Ukrainian authorities ask China to put pressure on Russia

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China seems to want to actively interfere in the war in Ukraine after a week of hesitation. For the record: neither militarily nor as an ally of Russia, but as a neutral mediator. This is evidenced by reports of a telephone conversation between the Chinese and Ukrainian foreign ministers.

The Ukrainian minister, Dmytro Kuleba, called yesterday with his counterpart Wang Yi. His request to Beijing: use the good ties you have with Moscow to ensure that Russia stops the invasion.

According to the Foreign Ministry in Kiev, Wang Yi has committed “to do everything possible” to stop the war through diplomatic channels.

“Ukraine is prepared to strengthen communication with China and looks forward to China playing a mediating role in reaching a ceasefire,” Ukrainian minister Dmytro Kuleba said. His Chinese counterpart, Wang Yi, said Beijing would do everything it can to end the war by any diplomatic means.
Solution

However, the Chinese Foreign Ministry hopes that the two countries will come out themselves first. “We hope that both sides will continue the process of dialogue and negotiation and seek a political solution,” spokesman Wang Wenbin said at a press conference. Wang, however, does not want to comment on whether China will actually assume the role of neutral mediator and instead emphasizes the security of Chinese citizens in Ukraine.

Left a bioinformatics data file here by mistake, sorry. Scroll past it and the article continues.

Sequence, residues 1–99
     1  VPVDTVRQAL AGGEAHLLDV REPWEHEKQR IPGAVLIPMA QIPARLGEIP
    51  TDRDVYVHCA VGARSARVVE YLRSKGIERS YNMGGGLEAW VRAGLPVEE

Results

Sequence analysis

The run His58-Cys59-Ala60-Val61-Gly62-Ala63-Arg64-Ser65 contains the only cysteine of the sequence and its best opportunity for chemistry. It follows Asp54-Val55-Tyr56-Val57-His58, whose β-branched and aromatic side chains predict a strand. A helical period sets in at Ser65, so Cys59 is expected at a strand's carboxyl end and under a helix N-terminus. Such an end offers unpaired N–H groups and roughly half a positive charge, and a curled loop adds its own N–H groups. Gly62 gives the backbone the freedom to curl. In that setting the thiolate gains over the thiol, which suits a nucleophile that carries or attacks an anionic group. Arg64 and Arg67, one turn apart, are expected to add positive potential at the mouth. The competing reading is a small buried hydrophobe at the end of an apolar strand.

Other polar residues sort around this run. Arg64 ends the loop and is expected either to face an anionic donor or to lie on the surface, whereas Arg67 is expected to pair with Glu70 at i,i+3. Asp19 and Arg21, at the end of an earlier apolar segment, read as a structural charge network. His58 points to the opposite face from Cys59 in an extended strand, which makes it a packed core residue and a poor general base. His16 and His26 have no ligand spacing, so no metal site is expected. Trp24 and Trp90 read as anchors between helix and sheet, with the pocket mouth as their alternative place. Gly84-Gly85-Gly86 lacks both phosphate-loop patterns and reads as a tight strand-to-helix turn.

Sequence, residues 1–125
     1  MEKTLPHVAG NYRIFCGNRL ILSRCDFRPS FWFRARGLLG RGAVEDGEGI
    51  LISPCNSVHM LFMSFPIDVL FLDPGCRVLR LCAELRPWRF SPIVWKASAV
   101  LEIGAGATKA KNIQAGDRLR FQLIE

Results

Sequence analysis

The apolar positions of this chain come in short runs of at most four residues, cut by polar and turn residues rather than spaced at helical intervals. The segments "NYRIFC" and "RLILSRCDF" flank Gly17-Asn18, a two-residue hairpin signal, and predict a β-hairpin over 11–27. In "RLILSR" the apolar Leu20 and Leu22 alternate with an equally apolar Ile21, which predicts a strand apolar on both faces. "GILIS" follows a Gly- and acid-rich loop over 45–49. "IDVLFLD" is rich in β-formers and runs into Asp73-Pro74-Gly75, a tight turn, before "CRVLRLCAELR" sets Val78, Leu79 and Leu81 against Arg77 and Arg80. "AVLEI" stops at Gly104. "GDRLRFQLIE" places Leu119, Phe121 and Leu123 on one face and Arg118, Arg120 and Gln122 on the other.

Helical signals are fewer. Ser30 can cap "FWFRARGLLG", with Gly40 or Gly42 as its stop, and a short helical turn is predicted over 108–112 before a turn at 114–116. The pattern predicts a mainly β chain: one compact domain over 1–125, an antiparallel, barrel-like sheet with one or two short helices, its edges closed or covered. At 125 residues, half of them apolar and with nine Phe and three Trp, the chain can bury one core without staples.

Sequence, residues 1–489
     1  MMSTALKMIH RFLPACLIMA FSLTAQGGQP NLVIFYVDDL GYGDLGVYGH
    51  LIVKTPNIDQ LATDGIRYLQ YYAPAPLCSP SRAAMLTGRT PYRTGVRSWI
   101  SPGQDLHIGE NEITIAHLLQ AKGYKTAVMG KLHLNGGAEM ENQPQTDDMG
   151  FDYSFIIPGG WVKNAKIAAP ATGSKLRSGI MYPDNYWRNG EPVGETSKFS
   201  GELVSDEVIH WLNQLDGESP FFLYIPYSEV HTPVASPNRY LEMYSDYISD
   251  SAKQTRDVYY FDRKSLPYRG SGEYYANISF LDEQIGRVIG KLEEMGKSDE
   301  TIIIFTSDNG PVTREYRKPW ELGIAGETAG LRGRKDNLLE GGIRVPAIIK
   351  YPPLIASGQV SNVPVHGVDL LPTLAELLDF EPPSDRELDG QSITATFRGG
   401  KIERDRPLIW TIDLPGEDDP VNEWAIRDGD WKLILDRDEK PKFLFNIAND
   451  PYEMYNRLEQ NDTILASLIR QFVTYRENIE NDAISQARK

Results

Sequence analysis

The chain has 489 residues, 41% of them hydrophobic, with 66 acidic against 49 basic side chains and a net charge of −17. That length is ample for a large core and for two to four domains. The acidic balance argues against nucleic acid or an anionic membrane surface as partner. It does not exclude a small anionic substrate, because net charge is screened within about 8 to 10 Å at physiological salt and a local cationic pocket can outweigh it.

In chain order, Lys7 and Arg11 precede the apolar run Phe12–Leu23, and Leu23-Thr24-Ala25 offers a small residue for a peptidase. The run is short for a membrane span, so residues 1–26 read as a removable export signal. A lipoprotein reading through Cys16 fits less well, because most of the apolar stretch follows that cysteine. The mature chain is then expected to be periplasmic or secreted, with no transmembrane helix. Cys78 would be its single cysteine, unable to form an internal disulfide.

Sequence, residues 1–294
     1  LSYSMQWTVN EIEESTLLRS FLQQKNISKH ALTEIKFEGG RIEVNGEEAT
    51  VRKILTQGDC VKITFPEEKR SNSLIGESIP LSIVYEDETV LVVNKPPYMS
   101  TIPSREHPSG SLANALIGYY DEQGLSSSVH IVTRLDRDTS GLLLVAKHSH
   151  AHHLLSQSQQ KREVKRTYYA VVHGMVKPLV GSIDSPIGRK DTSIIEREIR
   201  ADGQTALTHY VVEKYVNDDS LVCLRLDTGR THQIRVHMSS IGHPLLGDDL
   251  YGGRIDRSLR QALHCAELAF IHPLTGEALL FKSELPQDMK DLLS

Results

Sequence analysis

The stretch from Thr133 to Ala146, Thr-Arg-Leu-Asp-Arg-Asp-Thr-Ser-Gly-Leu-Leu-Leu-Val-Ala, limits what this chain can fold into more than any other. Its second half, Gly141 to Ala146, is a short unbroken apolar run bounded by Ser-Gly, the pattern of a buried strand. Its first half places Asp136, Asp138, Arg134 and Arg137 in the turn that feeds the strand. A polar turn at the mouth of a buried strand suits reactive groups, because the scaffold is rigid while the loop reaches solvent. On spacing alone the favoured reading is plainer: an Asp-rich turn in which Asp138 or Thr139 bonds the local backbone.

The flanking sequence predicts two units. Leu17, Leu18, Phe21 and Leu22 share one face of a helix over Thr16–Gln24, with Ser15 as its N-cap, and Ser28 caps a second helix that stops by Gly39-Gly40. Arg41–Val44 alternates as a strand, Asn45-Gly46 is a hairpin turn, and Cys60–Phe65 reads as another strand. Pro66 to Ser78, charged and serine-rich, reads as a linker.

“This is an opportunity for China to profile itself as a responsible world power,” says Frank Pieke, professor of modern China Studies at Leiden University. The fact that Ukraine is asking China to mediate makes it easier for Beijing to assume the role of neutral mediator. “But then China will set important conditions, such as that Europe and the US will not try to undermine their mediator position.”
Indispensable role

“China has good relations with both Russia and Ukraine, allowing Beijing to play an indispensable role in restoring peace,” said Victor Gao of the Center for China and Globalization, a think tank affiliated with the Chinese government.

If China were to mediate, it would still be questionable whether they would be successful in this. “As a mediator, China always follows a specific scenario. That has so far proved inefficient,” believes Sinologist Helena Legarda of the Mercator Institute for China Studies.

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